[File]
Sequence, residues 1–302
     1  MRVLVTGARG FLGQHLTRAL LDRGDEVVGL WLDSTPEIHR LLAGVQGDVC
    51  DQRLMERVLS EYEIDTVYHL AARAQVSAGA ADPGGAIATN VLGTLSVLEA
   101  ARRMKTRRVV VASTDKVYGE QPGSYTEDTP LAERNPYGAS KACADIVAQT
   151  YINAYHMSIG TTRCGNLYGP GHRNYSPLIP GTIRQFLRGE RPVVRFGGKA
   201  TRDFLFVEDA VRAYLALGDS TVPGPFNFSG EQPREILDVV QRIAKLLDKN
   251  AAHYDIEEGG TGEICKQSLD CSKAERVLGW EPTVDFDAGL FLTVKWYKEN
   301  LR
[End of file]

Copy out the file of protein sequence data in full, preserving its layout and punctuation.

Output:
Sequence, residues 1–302
     1  MRVLVTGARG FLGQHLTRAL LDRGDEVVGL WLDSTPEIHR LLAGVQGDVC
    51  DQRLMERVLS EYEIDTVYHL AARAQVSAGA ADPGGAIATN VLGTLSVLEA
   101  ARRMKTRRVV VASTDKVYGE QPGSYTEDTP LAERNPYGAS KACADIVAQT
   151  YINAYHMSIG TTRCGNLYGP GHRNYSPLIP GTIRQFLRGE RPVVRFGGKA
   201  TRDFLFVEDA VRAYLALGDS TVPGPFNFSG EQPREILDVV QRIAKLLDKN
   251  AAHYDIEEGG TGEICKQSLD CSKAERVLGW EPTVDFDAGL FLTVKWYKEN
   301  LR